I had been dreading this week for quite a while, not just because the Jewish holiday season has ended nor because the weather has turned much colder.
This week, my siblings and I reached the end of the prescribed 12-month mourning period for our beloved mother, Shirley Eskind Fingerman z”l. We know how fortunate we were to be comforted and strengthened by fond memories and stories of her 100-year life. Though, to be sure, losing a parent at any age leaves a hole and has an enduring impact.
Observing the various Jewish traditions over the course of the year under normal conditions always takes effort, and certainly the continued pandemic marathon added unforeseen complications. I have planned my daily schedule and my various travels with much more care in order be able to recite the Mourner’s Kaddish daily in the presence of a necessary minyan (quorum of ten).
In some ways, this obligation consumed my time and my thoughts. It allowed me to hold my mama close, not to let go fully. The words of Rabbi Maurice Lamm z”l, author of what many consider the definitive guidebook, “The Jewish Way in Death and Mourning,” rang very true for me: “Put simply: the Kaddish is a spiritual handclasp between the generations, one that connects two lifetimes.” I had been dreading the end of this period because it meant that I finally had to move on past the mourning to the next phase, without a prescribed roadmap or an exacting timetable. I realize I may not have processed the enormity of her loss fully until now and I felt anxious about finally letting go.
A convergence of three recent coincidental reflections – in my mind, divine inspirations connecting heaven and earth – has helped me put the puzzle pieces together for moving forward.
First, during Elul, the last month of the Jewish calendar, and during most of Tishrei, the first month of the new Jewish year, we recite Psalm 27 twice each day. One line jumped out to me like never before. The tenth verse says, “Were my father and my mother to forsake [abandon or take leave of] me, the LORD will gather [collect or take care of] me.” I felt this was happening to me in real time! My parents had now both passed away and now God will be there to make sure that I am not alone. Wow!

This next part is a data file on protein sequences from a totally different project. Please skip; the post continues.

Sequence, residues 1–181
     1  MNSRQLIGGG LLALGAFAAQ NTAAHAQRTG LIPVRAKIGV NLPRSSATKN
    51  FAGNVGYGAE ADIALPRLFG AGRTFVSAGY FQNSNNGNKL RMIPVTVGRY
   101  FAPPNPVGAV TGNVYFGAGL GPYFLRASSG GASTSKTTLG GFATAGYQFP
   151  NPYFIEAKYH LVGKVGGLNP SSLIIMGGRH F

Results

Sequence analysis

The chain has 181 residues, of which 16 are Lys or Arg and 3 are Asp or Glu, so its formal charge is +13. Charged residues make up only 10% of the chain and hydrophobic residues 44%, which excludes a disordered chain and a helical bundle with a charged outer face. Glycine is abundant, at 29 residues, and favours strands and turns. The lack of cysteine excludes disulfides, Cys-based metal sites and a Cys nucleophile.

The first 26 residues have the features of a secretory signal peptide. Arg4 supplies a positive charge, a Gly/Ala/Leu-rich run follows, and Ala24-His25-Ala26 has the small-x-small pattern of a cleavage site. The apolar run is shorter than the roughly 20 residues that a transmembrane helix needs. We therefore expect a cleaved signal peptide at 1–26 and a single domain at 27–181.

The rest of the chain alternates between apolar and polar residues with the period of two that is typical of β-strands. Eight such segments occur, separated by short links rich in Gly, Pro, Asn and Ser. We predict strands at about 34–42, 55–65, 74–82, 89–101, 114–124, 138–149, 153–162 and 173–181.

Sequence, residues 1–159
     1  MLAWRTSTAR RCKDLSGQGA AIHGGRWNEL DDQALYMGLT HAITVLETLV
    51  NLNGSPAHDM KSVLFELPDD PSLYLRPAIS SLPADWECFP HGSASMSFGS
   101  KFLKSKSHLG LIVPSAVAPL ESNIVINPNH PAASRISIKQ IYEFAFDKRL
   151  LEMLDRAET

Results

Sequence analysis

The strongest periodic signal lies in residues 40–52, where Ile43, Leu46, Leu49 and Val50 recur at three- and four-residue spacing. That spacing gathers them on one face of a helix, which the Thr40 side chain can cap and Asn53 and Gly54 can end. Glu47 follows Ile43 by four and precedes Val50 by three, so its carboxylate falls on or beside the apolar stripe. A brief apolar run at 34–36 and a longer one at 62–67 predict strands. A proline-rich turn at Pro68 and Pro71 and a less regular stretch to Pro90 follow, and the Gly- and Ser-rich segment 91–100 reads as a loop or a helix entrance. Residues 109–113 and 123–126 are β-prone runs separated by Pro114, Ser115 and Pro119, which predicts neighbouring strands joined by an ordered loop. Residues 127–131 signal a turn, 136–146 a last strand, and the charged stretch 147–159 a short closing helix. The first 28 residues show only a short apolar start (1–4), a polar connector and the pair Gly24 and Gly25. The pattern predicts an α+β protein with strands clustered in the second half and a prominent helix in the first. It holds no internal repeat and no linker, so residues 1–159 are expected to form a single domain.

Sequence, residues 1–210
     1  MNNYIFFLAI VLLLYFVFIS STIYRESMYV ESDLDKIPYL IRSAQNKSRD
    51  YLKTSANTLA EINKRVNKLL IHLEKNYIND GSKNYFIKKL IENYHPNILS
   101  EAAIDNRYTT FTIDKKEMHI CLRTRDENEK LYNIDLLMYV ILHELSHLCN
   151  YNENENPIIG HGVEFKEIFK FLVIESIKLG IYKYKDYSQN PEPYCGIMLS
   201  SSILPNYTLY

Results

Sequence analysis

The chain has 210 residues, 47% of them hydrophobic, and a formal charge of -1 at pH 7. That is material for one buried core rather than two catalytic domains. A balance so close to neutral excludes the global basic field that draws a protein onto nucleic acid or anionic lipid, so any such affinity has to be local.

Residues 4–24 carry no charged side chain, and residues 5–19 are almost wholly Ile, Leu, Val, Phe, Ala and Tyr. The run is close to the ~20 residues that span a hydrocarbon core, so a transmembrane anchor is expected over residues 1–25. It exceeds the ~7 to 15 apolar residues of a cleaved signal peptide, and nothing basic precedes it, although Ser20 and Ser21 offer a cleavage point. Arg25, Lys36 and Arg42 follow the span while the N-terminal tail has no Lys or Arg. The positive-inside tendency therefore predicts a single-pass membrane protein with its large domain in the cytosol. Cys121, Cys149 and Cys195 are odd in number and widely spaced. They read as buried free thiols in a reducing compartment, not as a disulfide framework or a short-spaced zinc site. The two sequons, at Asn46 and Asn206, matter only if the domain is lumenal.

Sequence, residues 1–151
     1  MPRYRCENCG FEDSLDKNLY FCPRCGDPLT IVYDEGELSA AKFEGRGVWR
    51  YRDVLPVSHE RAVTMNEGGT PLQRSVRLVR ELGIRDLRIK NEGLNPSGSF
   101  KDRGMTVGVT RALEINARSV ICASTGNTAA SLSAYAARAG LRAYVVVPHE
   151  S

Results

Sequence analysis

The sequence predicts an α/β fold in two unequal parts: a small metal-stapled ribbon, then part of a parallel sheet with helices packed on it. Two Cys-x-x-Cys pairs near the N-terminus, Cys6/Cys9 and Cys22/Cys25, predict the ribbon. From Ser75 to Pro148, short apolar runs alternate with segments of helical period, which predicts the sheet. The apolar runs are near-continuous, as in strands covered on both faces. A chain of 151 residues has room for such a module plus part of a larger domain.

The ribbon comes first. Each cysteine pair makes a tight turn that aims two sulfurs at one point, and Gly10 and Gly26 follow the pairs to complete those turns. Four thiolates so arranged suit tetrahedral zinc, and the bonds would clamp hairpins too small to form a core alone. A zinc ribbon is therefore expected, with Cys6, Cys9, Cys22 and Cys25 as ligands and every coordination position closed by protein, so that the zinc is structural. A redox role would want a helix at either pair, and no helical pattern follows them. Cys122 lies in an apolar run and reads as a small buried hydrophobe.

Second, in my evolved understanding of our rabbinic teachings, the Kaddish works in two directions, creating a partnership of sorts. On the one hand, the mourner recites that Kaddish to help elevate the neshama (soul) of the departed loved one. On the other, we hope that by our dutiful recitation, the departed will go higher (l’aylah) in the heavenly court to become an effective advocate for us and our families.
Throughout the year, the standard Mourner’s Kaddish contains the word l’aylah, meaning “higher” or “above and beyond.” Yet, between the Jewish High Holidays of Rosh Hashana and Yom Kippur that we just observed, we add a second l’aylah in our prayers — l’aylah l’aylah, meaning “higher and higher” or “exceedingly beyond.” The coincidence of adding this extra plea as I approached the end of my mourning period also touched me deeply.
The third reflection came just this week, on the holiday of Simchat Torah (Rejoicing the Torah), which marks the completion of the annual cycle of Torah readings and the immediate beginning of the new cycle. This day also happened to mark my final day as a mourner. Imagine that! As I officially ended my mourning period, simultaneously I joined along with the entire Jewish people to immediately begin once again. It felt as if my mother was letting go of me after our final year “together,” confident I would find my way forward — blessed by her life, comforted by the community and rituals of Jewish life, and inspired to begin anew.
Emerging from a year of mourning, I am filled with gratitude for the many partners who have helped me through this process: to my home congregation, the Young Israel of Fort Lee and our Rabbi Zev Goldberg, for my colleagues and friends who supported me, and to my family, who experienced and mourned our shared loss each in their own way.
I have found renewed strength through our traditions and by the recent signs of the divine partnership between heaven and earth.
Jeremy J. Fingerman has been the CEO of Foundation for Jewish Camp since 2010, and he is a vice president of JPRO Network, the network of North American Jewish communal professionals. He lives in Fort Lee with his family. Write to him at Jeremy@jewishcamp.org.